CBESS: Stephen Watson appointed

Stephen Watson is joining the CBESS community as a PhD student supervised by Prof. David Patterson (School of Biology, University of St Andrews), Dr Nicola Beaumont and  Dr Stephen Widdicombe (Plymouth Marine Laboratory).

Stephen WatsonStephen will be looking at the impact of climate stressors on coastal biodiversity and the associated ecosystem services

In coastal ecosystems, the major threats to biodiversity are numerous, with climate stressors being well documented as a significant threat. This project aims to assess the impact of multiple climate stressors on biodiversity and coastal ecosystem service delivery, and in turn how these impacts affect the provision of ecosystem benefits and thus human well-being. The focus of this research will be on two ecosystem services: greenhouse gas sequestration and bioremediation of waste using data from two case study areas: the Tamar and the Eden estuaries. A key final output of the research will be a robust framework linking climate stressors to ecosystem benefits and human well-being, utilising a detailed understanding of the intermediate ecosystem processes and services, and the mechanisms which link these components.system services. His PhD is funded by NERC, as part of the wider Biodiversity & Ecosystem Service Sustainability (BESS) programme incorporation with the Coastal Biodiversity Consortium (CBESS).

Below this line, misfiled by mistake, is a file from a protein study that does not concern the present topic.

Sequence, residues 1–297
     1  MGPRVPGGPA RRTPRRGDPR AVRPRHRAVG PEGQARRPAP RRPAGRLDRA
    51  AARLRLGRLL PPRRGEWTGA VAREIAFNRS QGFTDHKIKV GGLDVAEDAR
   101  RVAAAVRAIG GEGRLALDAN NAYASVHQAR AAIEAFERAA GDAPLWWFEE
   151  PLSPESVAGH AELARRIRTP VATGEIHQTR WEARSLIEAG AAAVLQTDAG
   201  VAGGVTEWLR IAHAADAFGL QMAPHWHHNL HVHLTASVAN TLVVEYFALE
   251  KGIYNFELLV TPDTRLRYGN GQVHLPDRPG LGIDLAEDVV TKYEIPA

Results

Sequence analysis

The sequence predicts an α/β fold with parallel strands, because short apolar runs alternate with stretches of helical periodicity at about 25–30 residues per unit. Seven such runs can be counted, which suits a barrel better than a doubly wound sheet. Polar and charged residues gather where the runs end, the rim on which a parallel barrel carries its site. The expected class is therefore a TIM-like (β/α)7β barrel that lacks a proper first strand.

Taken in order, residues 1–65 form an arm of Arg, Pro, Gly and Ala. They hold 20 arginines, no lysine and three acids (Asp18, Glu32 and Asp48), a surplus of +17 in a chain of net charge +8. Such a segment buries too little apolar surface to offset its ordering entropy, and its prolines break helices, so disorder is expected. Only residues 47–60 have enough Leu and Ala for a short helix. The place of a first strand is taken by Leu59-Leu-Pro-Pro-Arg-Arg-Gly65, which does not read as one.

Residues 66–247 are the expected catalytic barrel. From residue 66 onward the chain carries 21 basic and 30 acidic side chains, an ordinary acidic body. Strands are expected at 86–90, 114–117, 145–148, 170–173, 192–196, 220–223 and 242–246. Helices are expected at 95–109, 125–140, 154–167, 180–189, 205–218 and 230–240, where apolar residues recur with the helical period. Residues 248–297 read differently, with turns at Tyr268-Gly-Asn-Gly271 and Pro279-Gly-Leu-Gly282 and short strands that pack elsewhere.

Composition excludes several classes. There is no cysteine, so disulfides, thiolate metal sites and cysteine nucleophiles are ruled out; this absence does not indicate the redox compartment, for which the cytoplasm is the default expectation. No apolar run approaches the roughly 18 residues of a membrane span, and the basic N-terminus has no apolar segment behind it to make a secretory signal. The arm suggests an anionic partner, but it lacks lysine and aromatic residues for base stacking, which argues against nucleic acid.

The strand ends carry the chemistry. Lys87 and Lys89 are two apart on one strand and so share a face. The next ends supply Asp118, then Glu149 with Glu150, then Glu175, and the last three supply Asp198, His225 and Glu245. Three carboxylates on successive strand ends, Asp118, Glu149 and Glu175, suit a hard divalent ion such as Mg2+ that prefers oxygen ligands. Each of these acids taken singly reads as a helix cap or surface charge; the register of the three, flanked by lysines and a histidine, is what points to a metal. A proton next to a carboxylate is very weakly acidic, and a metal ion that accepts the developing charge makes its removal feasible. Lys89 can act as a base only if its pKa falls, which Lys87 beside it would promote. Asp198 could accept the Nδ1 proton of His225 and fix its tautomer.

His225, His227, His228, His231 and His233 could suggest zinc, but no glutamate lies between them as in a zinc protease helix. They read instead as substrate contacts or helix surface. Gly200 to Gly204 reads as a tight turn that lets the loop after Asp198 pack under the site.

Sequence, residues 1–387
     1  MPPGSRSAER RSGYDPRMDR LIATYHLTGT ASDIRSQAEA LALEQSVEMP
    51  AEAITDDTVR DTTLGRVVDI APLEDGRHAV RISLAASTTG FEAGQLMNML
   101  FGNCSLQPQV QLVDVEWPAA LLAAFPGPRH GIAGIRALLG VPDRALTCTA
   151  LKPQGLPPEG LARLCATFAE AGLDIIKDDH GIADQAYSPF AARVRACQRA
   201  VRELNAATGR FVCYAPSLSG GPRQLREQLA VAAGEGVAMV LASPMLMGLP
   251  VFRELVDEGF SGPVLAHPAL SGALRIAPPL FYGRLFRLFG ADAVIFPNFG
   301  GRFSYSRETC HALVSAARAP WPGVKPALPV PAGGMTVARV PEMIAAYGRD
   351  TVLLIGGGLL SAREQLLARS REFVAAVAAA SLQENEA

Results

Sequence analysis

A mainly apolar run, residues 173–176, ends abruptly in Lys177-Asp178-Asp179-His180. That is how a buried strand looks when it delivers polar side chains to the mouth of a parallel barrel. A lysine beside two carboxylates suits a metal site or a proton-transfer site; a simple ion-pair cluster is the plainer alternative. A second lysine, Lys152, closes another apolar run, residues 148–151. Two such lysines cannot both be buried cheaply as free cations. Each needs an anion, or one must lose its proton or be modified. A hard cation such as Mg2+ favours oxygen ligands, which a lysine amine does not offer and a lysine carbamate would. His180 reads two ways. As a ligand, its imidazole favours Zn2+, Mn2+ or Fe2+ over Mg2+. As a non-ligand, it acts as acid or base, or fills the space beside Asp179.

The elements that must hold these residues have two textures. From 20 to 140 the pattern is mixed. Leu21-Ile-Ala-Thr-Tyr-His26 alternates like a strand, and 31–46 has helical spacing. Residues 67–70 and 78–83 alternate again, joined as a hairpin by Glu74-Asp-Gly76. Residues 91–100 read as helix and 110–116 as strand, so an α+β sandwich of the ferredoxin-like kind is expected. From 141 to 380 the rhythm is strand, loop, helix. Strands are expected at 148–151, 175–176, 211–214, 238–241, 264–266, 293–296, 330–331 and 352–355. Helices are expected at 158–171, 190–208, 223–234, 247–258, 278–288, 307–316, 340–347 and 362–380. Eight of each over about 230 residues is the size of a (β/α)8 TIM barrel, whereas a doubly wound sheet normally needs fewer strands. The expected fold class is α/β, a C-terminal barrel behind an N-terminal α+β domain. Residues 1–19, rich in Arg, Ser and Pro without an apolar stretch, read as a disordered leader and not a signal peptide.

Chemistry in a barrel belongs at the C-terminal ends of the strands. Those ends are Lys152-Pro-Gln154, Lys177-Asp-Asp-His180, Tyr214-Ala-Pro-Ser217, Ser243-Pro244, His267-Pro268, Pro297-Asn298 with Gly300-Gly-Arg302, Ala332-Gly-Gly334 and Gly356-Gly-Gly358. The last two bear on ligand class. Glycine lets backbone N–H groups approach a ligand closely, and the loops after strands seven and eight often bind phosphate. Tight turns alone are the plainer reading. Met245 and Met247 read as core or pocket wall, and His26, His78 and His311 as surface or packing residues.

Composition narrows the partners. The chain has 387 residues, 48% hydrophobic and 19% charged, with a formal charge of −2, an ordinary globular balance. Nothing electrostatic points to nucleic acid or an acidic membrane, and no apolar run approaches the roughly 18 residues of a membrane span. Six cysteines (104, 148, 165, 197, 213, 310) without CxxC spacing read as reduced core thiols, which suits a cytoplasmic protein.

Prior to starting my PhD I gained an MRes in Ecosystem-Based Management of Marine Systems from the University of St Andrews conjoined with the Scottish Marine Institute (SAMS) Oban (2011-2012) and, prior to this, completed a BSc (Hons) Zoology from the University of Dundee (2007-2011). My Masters thesis involved collecting information on the linkage between phytoplankton primary production and ecological change at the seafloor by studying the resident invertebrate macrofauna from archive samples. This involved a first-ever exploration of an archived time-series collection of deep sea macrofauna specimens since the 1970’s and is therefore crucial to predicting the consequences of climate change for deep-sea biodiversity and ecosystem functioning. Deep-sea invertebrate macrofauna identification included those of molluscs, crustacea, holothuroidea ophiorodea and particularly polychaetes.

For more information on Prof.  David Paterson, visit his staff profile.

For more information on Dr Nicola Beaumont, visit her staff profile.

For more information on Dr Stephen Widdicombe, visit his staff profile.